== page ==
Monday, December 25, 2006

You Can See the Punchline Coming, But It's Still Funny

This is a scene from the Taxi episode "On the Job." Every year the show did a two-part episode consisting of little sketches for each of the cabbies; this was about the jobs the characters get when they're laid off from the cab company, and it was probably the best of those "sketchisodes." This sketch, with Jim as a door-to-door salesman, is one of those bits where it's not hard to guess what the punchline will be, but it's still incredibly funny because of the genius of Christopher Lloyd, plus the super-efficient direction of James Burrows back when he was still the best comedy director in the business.

The other thing that this scene illustrates is that even though the sitcom is generally considered a lesser form of TV comedy than sketch comedy (there's a reason Aaron Sorkin does a whole show about the power of sketch comedy to Change The World), there are actually some advantages that a good sitcom has. If this routine were done as a self-contained sketch with new characters -- and something like this routine probably had been done as a sketch not once but many times -- it would feel kind of bland. What makes it work better in Taxi is that it uses a character, Jim, who's built up a lot of audience goodwill in his two years on the show. Instead of a sketch about an idiot ruining a woman's carpet, which is what it would be on Saturday Night Live, it's a little story about a character we like; we know he's doing everything he can to succeed at something he doesn't really understand, and the scene becomes funnier and sharper because we're on his side. It's a better scenee because it's on a sitcom, not in spite of it.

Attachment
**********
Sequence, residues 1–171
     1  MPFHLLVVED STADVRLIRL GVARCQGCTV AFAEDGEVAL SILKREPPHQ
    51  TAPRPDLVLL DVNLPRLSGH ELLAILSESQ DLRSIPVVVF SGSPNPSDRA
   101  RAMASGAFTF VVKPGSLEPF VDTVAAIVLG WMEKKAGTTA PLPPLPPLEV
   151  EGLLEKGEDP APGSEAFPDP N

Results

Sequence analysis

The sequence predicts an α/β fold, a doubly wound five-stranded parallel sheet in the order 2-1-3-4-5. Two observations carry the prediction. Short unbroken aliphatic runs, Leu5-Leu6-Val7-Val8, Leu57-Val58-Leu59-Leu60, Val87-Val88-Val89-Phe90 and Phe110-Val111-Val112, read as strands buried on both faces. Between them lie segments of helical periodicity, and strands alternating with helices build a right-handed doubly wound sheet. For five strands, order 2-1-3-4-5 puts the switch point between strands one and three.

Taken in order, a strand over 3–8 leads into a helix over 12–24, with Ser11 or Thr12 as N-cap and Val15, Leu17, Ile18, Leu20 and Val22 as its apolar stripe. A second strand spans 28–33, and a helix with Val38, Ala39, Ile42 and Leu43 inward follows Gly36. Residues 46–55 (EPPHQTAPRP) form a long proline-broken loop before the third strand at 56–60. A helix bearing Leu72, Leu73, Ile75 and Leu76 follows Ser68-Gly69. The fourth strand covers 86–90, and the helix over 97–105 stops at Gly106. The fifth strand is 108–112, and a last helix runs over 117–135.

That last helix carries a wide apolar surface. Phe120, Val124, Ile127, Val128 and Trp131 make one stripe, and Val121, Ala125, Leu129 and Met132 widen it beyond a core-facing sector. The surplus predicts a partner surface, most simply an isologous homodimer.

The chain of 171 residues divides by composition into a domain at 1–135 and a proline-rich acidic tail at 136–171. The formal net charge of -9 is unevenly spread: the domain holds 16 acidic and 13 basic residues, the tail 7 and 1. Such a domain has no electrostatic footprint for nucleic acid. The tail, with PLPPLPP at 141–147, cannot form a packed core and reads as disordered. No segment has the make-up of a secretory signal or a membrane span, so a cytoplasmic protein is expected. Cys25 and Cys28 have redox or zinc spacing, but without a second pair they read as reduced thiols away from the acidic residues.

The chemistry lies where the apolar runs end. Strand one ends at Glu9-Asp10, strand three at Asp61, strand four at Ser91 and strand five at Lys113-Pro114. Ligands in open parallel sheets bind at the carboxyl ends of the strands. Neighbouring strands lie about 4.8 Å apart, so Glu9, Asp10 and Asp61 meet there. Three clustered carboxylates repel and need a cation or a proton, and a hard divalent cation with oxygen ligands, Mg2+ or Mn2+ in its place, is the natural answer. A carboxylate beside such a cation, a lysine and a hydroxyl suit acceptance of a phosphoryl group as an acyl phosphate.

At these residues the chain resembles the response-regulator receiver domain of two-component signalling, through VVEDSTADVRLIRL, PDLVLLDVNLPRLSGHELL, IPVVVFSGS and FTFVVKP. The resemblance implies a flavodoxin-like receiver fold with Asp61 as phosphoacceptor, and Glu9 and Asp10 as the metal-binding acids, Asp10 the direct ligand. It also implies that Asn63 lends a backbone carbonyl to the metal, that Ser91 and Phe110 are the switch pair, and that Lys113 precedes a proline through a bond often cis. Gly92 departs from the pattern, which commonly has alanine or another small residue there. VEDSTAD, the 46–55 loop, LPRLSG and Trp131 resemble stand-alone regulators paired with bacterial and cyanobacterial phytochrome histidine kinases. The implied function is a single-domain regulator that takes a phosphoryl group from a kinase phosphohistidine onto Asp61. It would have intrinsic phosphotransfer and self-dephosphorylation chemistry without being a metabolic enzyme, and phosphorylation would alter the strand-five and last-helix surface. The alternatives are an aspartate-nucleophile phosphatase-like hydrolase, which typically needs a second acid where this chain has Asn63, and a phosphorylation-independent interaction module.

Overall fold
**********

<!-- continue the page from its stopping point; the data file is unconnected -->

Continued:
Stephen Rowley said...

"...though the sitcom is generally considered a lesser form of TV comedy than sketch comedy..."

This intrigues me. Really? Aside from the obvious prestige shows from days of yore (Monty Python, and I guess early SNL) it seems lately the big critical favourites in TV comedy have generally been sitcoms, in both the US and the UK: The Office (either version), Extras, Arrested Development, Curb Your Enthusiasm, etc. I would have thought that a successful sitcom is more highly regarded than a sketch show for the obvious reason: it requires mastery of character, not just comedic situations. The only big sketch comedy critical success I can think of from either side of the Atlantic has been Little Britain, and that has fallen out of favour too.

And here in Australia, there was a long period where the were numerous successful sketch comedy shows, but a quality sitcom remained elusive until the last few years.

Tom Dougherty said...

Nicely put. We like this because we like Jim.